Infinite regress in law (a theoretical critique of the Hand formula)

Adjudication is the process of making decisions in law, but decision-making is a costly activity. For simplicity, we can model the process of adjudication (and decision-making generally) as a function consisting of two costly inputs: (i) RESEARCH or information-gathering and (ii) DELIBERATION or information-processing.

Consider, for example, the so-called Hand formula or “calculus of negligence” in tort law. In summary, the Hand calculus is a simple economic decision rule for finding the optimal level of care x*, or B = P*L in the standard formulation of the Hand test. But this simple decision rule imposes non-trivial research and deliberation costs on judges and jurors (assuming, of course, that jurors actually use this formula). That is, finding the optimal level of care under the Hand formula is a first-order decision problem with costly inputs: in order to find the optimal level of care x*, the decision-maker must not only be aware of the Hand formula, he must also go out and collect sufficient data in order to find the actual or approximate values for B, P, and L (the main variables in the Hand formula) and he must then “crunch the numbers” and solve for x*. But how much data should the decision-maker collect? And how much time should he or she spend crunching the numbers? These simple questions pose a second-order decision problem, a new problem with non-trivial information and deliberation costs, just like the original, first-order decision problem (i.e. finding the level of optimal care). This second-order problem, in turn, produces a new, third-order problem, and so on …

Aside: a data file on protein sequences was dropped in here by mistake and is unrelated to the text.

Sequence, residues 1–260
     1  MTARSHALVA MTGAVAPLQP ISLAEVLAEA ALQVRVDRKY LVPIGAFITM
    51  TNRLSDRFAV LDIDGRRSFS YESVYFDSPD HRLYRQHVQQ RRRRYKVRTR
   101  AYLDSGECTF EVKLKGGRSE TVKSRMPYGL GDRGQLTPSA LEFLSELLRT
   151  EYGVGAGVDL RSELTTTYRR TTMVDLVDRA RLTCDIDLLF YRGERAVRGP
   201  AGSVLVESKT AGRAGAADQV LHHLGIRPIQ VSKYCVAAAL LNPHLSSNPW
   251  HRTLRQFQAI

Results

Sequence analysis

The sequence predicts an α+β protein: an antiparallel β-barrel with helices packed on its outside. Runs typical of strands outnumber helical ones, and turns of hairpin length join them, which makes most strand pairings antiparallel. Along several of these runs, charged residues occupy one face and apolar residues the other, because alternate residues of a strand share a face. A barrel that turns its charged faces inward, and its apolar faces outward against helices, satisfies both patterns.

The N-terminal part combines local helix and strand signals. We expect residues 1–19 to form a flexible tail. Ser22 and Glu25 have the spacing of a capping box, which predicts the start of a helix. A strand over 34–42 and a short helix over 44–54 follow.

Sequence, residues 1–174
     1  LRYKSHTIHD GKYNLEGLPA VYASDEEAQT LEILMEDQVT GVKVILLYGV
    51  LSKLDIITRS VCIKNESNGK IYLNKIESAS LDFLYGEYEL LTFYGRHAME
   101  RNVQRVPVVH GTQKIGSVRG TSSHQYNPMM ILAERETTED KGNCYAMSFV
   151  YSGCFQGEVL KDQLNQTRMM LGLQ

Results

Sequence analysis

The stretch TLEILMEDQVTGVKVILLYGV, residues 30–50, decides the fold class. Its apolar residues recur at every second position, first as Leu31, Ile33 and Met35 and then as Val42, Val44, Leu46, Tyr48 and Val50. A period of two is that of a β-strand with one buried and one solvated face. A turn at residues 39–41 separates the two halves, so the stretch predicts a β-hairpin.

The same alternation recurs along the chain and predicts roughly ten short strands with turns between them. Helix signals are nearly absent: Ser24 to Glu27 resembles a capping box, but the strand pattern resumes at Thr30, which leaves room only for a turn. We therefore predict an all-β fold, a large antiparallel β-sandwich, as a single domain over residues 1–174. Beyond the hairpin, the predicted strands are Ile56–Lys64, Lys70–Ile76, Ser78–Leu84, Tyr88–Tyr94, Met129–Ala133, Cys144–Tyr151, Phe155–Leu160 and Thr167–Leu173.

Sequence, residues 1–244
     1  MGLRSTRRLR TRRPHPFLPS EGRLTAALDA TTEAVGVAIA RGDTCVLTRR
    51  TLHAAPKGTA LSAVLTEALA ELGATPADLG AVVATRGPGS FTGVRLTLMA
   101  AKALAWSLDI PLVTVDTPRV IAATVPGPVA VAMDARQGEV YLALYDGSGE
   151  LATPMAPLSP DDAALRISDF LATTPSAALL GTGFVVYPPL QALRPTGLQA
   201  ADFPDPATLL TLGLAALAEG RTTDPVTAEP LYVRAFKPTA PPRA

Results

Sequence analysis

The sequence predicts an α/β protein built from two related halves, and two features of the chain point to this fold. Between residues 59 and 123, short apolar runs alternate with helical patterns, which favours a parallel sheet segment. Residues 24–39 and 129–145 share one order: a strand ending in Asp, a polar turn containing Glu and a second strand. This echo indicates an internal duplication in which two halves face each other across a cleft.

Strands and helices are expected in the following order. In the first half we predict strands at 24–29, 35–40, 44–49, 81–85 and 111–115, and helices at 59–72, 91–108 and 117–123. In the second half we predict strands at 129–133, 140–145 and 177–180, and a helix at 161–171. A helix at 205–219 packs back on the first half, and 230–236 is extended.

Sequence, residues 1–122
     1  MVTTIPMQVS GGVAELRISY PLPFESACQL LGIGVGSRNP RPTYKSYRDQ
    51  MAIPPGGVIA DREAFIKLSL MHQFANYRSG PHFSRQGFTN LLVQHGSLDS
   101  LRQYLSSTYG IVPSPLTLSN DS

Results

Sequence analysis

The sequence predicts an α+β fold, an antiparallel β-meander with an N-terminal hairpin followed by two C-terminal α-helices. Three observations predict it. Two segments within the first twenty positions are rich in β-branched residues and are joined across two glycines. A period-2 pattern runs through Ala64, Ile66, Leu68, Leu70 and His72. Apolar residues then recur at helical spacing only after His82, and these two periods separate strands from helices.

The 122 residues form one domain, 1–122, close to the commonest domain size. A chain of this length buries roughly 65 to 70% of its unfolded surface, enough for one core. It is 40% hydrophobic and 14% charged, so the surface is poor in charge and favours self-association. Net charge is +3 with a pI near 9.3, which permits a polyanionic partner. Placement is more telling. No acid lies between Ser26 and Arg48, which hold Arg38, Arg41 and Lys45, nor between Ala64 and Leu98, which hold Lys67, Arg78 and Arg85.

Furthermore, because information and deliberation are costly inputs, notice that the regress problem does not just apply to the Hand formula in tort law. It applies to any decision rule requiring the collection of information and deliberation! In the words of Holly Smith in her essay “Deciding how to decide“: It begins to appear that the use of decision guides in decision-making is threatened with some form of infinite regress. To decide how to act, one must first decide how to decide to act. But to decide this, we must first decide how to decide how to decide how to act. But to decide this, we must first decide … ad infinitum. So, does this regress problem have a solution, or is it merely an academic or purely theoretical problem? (Quick acknowledgement: I owe this critique of the Hand formula to Prof. Oren Perez.)

 This is what an infinite regress looks like …

About F. E. Guerra-Pujol

When I’m not blogging, I am a business law professor at the University of Central Florida.
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